Both these models not only wean away countries from a GDP-based development model, but also provide alternative sustainable income on India’s soft power platform.
The third is the extension of PM Modi’s concept of the One Sun One World One Grid (OSOWOG) initiative organized along with the Chhatth festival (the only festival that worships the Sun). It aims to raise awareness about various ways to harness energy from the Sun. It aims to build a transnational grid that would allow countries to source solar power from regions where it is daytime to meet their green energy needs when their own installed solar capacity is not generating energy.
Fourth is, promote carbon credits. The carbon credit trade could help generate funds for green energy projects. Fifth is, organise the world on a platform that takes care of sustainability interests. India has a very good soft power reach, a very good potential for friendship quotient with many developing countries, an identity that is shaping up day by day and an influence that has the potential to transform the geopolitical relations of the world.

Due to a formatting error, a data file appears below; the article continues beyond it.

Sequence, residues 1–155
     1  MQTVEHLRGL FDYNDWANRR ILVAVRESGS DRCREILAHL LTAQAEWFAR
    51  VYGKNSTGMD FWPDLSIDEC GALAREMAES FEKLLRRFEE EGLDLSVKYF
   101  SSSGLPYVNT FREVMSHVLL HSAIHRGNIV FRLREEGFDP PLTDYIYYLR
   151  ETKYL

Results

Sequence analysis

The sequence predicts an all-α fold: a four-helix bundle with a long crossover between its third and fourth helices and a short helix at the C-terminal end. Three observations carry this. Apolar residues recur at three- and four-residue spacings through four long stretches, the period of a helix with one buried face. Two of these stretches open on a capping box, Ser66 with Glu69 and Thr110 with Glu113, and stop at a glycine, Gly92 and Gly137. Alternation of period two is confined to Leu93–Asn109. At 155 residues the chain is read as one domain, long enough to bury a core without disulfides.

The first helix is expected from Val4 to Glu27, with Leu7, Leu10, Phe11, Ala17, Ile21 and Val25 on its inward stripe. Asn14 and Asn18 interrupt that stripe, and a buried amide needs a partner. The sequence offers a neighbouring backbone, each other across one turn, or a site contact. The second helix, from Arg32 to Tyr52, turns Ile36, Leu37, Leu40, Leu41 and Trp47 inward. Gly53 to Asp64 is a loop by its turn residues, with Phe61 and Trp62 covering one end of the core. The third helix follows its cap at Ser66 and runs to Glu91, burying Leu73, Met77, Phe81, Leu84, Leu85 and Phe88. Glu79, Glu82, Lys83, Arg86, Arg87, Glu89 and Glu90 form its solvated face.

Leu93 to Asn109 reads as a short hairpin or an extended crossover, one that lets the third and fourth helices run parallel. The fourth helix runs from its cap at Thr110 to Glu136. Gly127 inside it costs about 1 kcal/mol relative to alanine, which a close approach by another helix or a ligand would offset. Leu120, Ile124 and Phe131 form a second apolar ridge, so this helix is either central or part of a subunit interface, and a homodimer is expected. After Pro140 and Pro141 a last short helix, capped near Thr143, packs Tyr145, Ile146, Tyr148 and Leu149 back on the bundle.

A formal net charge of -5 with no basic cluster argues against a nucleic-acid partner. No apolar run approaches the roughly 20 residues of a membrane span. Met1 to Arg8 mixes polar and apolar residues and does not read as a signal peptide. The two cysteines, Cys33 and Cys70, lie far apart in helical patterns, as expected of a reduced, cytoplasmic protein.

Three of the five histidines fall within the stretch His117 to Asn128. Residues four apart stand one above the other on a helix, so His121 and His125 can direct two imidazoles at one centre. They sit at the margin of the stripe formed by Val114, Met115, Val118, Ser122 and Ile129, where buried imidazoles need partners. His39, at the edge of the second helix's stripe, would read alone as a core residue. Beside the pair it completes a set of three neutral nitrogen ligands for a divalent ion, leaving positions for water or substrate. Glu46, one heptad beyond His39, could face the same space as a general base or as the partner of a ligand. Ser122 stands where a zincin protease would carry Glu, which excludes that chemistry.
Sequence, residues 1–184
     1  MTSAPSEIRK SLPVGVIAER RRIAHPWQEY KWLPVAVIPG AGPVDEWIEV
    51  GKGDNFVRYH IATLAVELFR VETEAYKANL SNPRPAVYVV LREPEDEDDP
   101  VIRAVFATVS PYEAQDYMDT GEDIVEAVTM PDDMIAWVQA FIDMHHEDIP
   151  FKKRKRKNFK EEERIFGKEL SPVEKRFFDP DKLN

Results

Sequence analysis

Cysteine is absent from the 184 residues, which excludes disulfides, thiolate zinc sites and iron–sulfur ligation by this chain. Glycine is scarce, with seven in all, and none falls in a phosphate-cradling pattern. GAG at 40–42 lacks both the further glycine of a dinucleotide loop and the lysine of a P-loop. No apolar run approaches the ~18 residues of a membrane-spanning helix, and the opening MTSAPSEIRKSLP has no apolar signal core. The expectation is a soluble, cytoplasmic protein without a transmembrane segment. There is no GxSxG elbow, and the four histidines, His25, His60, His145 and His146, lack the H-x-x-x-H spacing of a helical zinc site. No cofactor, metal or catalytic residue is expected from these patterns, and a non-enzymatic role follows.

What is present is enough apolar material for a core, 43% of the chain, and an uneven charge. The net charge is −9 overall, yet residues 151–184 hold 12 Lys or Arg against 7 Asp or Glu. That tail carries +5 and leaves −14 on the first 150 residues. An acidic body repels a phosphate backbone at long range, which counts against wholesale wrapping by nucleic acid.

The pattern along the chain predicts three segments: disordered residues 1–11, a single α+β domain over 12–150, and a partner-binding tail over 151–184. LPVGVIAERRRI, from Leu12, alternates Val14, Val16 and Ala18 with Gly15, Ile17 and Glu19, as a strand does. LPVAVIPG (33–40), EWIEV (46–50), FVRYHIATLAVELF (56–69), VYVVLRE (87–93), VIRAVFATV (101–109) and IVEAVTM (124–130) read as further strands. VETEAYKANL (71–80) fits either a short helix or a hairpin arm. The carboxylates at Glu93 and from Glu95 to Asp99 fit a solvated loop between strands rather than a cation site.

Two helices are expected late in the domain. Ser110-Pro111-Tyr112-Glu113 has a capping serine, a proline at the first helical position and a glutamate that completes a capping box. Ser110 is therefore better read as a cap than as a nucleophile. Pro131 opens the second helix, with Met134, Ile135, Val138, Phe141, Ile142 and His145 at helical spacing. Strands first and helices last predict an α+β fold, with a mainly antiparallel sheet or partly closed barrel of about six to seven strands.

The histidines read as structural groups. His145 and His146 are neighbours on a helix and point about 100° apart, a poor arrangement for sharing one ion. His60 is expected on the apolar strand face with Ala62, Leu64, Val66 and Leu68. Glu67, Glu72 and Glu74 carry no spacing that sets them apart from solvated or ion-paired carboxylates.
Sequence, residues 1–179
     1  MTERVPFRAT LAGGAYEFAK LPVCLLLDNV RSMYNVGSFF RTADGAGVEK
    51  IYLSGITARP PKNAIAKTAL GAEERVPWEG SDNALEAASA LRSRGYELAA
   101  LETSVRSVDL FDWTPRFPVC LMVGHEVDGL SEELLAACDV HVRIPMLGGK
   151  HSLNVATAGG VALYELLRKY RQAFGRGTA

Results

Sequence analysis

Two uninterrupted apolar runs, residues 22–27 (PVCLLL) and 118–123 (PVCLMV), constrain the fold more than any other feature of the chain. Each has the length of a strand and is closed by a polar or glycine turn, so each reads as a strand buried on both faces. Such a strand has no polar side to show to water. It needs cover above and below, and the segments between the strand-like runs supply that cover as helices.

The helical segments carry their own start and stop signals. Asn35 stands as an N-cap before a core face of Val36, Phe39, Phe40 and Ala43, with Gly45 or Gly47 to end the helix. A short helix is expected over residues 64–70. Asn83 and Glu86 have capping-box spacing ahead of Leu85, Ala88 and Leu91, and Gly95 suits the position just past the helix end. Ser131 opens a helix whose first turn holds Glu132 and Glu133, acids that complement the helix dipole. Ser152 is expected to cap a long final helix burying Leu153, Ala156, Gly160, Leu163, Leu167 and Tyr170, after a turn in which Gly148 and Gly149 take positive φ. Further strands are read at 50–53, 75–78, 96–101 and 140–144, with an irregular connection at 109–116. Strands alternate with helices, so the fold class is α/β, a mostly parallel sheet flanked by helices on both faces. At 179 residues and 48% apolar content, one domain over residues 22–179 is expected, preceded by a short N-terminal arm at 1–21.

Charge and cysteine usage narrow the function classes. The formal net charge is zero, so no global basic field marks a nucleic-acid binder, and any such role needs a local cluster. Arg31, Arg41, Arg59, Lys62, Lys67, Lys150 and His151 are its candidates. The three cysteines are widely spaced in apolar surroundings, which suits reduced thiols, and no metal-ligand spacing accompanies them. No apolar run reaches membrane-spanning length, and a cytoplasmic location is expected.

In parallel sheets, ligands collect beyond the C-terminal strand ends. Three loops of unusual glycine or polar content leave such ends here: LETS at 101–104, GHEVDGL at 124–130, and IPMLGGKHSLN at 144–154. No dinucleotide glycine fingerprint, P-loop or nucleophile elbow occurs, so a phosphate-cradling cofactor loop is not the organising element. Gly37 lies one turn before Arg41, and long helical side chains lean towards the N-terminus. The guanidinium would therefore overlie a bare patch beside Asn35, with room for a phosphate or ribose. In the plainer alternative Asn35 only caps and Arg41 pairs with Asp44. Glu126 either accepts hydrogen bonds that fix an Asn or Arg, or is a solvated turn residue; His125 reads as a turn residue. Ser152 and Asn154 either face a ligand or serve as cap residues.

If India can reach its potential it will be a major paradigm shift in shaping international relations.
K. Siddhartha is a strategic thinker, advisor to governments, earth scientist, author, and mentor to over 1,600 civil servants.